Makery relays voices from fabrication spaces federated around the collective Makers x Covid Paris. They tell the story of how they mobilized and organized to support the city’s frontline workers most exposed to the Covid-19 virus.
After publishing exclusive photos of the preparation and delivery process of protective gear, Makery collected comments from the pivotal Parisians who immediately responded to the crisis by pooling their energy, skills and resources to form the collective Makers x Covid Paris.
Micro-factory for urban fabrication
In Paris, the beginning of the health crisis and subsequent lockdown was met with a flurry of initiatives, followed by some frustration: how to contribute, which collective to join, which tools to use to collectively organize, how to identify material needs or respond to requests from health care workers—all while staying at home.
“We didn’t want to initiate another movement that would simply add to the confusion for those who wanted to get involved. But given the urgency of the situation, we first created our own shared file for coordination, while waiting for a larger coordinated effort. (…) After witnessing the friction caused by issues of governance and representation, we felt it was important that it have a new, neutral name: makerscovid.paris.” (Quentin Perchais, Woma)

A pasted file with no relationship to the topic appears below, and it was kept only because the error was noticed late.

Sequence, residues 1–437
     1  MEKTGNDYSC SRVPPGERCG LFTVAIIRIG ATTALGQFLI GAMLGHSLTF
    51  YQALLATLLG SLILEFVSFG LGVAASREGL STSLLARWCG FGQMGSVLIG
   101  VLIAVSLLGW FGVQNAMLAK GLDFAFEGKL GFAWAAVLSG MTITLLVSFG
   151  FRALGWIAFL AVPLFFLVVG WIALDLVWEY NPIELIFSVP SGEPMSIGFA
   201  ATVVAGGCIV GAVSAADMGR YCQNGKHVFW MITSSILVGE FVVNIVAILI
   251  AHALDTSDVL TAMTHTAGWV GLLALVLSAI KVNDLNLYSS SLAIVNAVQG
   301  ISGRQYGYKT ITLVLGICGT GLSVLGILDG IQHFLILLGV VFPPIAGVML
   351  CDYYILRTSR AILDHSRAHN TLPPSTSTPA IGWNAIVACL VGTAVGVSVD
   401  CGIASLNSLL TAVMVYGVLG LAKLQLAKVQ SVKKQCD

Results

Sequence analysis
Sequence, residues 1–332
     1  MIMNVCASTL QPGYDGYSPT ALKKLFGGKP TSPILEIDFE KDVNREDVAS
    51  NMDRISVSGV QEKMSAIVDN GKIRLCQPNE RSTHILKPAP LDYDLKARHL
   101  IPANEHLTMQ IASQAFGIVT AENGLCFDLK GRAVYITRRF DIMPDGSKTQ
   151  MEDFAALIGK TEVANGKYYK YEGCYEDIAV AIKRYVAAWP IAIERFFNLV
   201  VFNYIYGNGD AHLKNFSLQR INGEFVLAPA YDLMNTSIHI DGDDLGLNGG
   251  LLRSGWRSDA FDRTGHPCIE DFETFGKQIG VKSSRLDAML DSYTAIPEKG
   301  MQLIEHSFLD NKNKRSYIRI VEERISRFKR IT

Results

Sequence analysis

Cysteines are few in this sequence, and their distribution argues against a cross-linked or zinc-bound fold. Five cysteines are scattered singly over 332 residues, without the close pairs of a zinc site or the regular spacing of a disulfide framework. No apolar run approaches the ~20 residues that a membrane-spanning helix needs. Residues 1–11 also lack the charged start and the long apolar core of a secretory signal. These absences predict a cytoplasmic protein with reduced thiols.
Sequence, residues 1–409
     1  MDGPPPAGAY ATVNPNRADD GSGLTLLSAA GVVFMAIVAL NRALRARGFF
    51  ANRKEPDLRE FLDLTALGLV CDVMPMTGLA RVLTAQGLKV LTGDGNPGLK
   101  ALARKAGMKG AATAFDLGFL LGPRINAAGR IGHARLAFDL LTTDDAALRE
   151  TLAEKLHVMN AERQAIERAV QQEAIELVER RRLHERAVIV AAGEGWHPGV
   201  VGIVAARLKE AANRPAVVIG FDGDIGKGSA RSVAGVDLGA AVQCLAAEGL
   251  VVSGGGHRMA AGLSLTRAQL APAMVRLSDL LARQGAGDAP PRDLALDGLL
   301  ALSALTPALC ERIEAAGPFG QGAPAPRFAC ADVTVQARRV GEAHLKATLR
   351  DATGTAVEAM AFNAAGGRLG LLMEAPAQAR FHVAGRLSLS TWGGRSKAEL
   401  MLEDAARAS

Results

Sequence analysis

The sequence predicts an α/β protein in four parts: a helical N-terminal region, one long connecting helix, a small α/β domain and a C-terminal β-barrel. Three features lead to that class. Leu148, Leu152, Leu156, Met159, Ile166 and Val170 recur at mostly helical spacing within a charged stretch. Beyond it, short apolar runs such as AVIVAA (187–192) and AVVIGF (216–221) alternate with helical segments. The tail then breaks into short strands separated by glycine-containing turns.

“This common platform for exchanging information and organizing ourselves, at first very informally (through phone calls) then more structured online (shared spreadsheet, Slack server, forms, website), allowed us to really coordinate the production activities of the various members of the network. Not only did it save us time and energy, it enabled us to respond directly to the urgent requests coming from local hospitals and other organizations.” (Antonin Fournier, SimplonLab)
“It started with a group of close colleagues from Volumes, Woma and Ars Longa. Then the first labs—Atelier des amis, Mon atelier en ville and Electrolab—contributed part of their operations to our shared spreadsheet. Eventually, as requests increased from Paris City Hall, the Salvation Army and others, the collective grew to 20 fabrication spaces responding to requests and coordinating our actions. (…) We finally set up a micro website to centralize all the information regarding requests, participants and donations.” (Quentin Perchais, Woma)